Kahlua has long been a favorite of those who appreciate a hint of coffee along with their booze. The java-flavored liqueur is made by infusing rum with sugar, coffee, and vanilla beans, allowing the imbiber to get a kick of caffeine while sipping their drink.
First produced in Mexico in the mid-1930s, Kahlua has since popped up in recipes for everything from intricate cocktails to ice creams and cakes. But our favorite way to consume Kahlua? In a quick and easy shooter that goes down smooth without getting overwhelmingly sweet. The following seven recipes do just that — and with three ingredients or less, they can be made in mere moments.
Black Russian: Vodka and Kahlua See recipe
Pro tip: Though typically served over ice, this recipe is easily turned into a shot by mixing two-thirds of an ounce of vodka with one-third Kahlua.
B-52: Kahlua, Baileys, and orange liqueur See recipe
Pro tip: Turn this shooter into a Flaming B-52. Float a splash of Bacardi 151 on top and light it on fire. Drink immediately with a long straw.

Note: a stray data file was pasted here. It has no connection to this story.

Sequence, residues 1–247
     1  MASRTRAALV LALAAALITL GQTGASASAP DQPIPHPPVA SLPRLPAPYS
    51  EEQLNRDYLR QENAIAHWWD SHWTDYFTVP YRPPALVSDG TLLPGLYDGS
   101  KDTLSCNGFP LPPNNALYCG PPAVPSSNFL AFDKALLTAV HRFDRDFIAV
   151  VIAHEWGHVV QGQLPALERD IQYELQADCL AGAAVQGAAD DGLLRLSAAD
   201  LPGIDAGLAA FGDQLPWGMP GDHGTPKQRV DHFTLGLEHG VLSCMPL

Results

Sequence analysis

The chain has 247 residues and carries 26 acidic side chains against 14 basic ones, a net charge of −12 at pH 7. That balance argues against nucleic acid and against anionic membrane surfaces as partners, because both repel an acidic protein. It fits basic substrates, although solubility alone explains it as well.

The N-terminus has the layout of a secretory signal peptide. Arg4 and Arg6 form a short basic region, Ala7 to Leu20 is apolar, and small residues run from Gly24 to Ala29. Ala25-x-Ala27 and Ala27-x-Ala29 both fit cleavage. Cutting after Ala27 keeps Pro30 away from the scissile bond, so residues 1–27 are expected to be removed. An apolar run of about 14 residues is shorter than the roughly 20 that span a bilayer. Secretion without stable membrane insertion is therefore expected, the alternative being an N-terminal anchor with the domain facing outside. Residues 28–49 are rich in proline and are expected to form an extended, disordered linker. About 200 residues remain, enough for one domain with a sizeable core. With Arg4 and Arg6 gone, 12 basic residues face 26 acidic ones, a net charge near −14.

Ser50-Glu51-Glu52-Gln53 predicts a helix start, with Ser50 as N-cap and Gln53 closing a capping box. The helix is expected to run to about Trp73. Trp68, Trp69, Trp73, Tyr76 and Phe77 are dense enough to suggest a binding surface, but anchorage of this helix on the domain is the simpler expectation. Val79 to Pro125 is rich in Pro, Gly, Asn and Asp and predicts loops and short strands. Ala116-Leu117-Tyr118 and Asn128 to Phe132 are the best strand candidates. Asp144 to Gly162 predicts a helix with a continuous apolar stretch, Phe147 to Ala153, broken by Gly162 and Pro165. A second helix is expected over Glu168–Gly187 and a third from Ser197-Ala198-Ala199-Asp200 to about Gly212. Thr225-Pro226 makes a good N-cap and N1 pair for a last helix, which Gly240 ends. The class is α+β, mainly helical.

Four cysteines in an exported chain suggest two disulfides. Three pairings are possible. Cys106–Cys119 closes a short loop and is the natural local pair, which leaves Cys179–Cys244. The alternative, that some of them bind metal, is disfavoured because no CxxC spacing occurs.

Blow Job: Kahlua, Baileys, and whipped cream See recipe
Pro tip: Don’t take this shot with your hands. Enjoy the full experience of the Blow Job by putting your arms behind your back and picking up the shot glass with your mouth.
Happy Hooker: Kahlua, honey liqueur, and orange liqueur See recipe
Pro tip: Take the shot, but hold the mixture in your mouth for as long as you can before swallowing.
Jackcafe: Kahlua and whiskey See recipe
Pro tip: Use this as a substitute for coffee and whiskey when you need a little hair of the dog. Follow with a large glass of water.
Mudslide: Kahlua, Baileys, and vodka See recipe
Pro tip: Transform this recipe into a creamy, frozen dessert. Increase the quantity of the ingredients to one ounce each and add three scoops of vanilla ice cream. Blend everything with some crushed ice and serve with a drizzle of chocolate sauce.
White Russian: Vodka, Kahlua, and heavy cream See recipe
Pro tip: Like the Black Russian, this recipe can easily be made into a shot. Use a back of a long bar spoon to gently float the cream on top.